What do you think is missing from the STEM space that contributes to the gender gap? What steps can be taken to bridge the gap? 

I believe that there isn’t necessarily anything missing from the STEM space but rather improvements and additions that could make it that much better. Areas of STEM are truly what you make of them and how you choose to perceive them. Letting go of biases, comparison, and rather focusing on your own growth in STEM is key to breaking down barriers. As a whole, we all need more empathy and understanding- we need both males and females to become aware and active in the community in order to bridge the gap. If we add more empathy in STEM and intersect that with visibility of opportunity, the sky becomes the limit. In terms of personal growth that consequently leads to helping bridge the gap, I tell young girls to stay uncomfortable. By this I mean, don’t be afraid to put yourself out there and explore new topics solo- you grow the most when overcoming situations that once pushed the boundaries of your comfort.

What’s next for FEM in STEM? Where would you like to see it go, and what would you like to accomplish over the next few years? What’s on your wish list for the future? 

There is no definite answer for what’s next for FEM in STEM and I take pride in that fact. Every day is a new opportunity to grow this initiative and learn something new- I like keeping an open mind and not exactly knowing the future outlook of FEM in STEM as it keeps me on my feet and keeps my mind open to new ideas. After all, the idea behind this all started from a mobile app concept and since then has shifted into an encompassing social impact initiative. I do wish to see the web-based hub turn into an app one day and it would be amazing to expand the outreach to across all of Canada, North America, and even globally. In terms of the near future, you can find FEM in STEM hosting events in collaboration with other organizations and outreaching to high school district boards across Ontario. My wish for the future is to gain greater support from various school boards to the point where FEM in STEM is a well-known resource across the province. Tied in with that, I wish to see more girls attending conferences, networking events, and just utilizing these resources to help maximize potential early-on and mitigate the ‘leaky pipeline’ in STEM.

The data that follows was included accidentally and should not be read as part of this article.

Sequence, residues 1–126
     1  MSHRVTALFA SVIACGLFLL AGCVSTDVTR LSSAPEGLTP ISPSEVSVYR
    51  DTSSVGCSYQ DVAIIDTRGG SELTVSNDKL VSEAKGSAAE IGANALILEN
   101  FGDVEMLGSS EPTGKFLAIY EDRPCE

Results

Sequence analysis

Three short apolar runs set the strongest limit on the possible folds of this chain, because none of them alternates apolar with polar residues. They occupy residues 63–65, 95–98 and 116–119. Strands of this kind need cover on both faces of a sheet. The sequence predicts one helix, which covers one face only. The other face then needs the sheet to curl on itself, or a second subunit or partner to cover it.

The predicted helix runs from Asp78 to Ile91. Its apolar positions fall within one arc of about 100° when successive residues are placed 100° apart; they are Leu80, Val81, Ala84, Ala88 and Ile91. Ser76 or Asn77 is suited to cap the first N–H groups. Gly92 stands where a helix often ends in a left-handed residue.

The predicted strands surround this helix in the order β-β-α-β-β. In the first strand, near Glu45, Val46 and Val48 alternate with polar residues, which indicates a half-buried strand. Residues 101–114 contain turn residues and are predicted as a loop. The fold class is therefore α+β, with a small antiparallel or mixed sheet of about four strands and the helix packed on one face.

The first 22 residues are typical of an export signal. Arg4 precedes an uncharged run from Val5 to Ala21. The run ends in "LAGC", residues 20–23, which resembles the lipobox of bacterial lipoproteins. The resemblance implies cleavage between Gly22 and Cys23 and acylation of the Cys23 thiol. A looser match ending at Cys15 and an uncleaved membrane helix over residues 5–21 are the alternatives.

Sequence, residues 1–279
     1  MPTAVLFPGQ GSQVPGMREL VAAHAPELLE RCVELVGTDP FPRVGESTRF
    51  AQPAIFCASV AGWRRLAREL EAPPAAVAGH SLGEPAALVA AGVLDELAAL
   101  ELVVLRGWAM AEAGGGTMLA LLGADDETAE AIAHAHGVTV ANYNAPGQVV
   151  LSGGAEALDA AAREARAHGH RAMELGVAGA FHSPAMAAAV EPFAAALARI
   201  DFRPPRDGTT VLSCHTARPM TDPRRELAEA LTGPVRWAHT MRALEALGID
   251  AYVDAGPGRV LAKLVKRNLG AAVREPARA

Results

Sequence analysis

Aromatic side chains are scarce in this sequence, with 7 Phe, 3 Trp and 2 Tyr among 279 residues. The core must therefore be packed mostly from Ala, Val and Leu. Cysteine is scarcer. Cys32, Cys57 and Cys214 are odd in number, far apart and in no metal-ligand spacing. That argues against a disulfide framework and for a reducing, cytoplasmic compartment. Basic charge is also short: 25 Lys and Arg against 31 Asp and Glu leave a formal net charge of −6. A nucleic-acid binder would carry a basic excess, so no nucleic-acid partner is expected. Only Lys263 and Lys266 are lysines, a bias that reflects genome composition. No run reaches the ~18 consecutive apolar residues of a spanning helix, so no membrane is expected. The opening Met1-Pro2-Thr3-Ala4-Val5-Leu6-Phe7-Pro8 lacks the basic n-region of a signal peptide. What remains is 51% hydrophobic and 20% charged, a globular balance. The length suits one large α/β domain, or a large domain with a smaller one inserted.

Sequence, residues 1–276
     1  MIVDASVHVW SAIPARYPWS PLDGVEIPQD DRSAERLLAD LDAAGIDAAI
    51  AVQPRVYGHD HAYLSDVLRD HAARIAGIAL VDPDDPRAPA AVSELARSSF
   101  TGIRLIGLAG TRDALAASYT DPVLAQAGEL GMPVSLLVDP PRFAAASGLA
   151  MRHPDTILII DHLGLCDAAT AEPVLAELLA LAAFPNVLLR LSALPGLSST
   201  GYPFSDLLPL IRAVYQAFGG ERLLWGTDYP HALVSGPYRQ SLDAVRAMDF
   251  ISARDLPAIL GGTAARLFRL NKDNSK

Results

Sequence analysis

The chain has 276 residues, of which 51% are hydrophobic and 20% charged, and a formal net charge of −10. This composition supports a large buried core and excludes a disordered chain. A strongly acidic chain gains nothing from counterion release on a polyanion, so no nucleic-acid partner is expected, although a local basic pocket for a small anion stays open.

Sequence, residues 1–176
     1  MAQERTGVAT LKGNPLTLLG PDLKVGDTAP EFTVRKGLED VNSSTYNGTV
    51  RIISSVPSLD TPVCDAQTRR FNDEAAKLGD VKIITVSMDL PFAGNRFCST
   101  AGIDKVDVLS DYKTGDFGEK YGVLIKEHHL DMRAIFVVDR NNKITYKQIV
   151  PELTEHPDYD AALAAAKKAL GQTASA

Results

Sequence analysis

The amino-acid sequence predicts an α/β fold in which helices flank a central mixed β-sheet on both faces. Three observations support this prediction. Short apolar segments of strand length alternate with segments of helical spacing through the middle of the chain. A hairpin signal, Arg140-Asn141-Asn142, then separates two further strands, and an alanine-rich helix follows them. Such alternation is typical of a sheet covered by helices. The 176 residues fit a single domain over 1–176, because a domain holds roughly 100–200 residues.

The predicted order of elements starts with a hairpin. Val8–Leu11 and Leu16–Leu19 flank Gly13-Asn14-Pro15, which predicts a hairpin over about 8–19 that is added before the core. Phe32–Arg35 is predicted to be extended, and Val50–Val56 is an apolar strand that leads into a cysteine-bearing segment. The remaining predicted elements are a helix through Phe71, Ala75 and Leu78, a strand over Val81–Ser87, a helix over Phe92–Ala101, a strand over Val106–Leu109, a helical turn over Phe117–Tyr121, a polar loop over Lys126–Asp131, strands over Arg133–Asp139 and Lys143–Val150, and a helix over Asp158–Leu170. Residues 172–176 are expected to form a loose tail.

Mylene Tu is a first-year engineering student at the University of Waterloo. Empowered by intrinsic motivation, she is actively involved in the STEM community. In April 2018, she founded FEM in STEM and in June she received an Empowerment Award by the CCEW/BWP. Natural-born introvert, she uses the ability to spread awareness of opportunity within STEM to find her voice. She is also pursuing a minor in entrepreneurship and is always eager to attend networking events to learn more about new topics. On the side, you can find her running as a varsity athlete or exploring cute cafes in the area.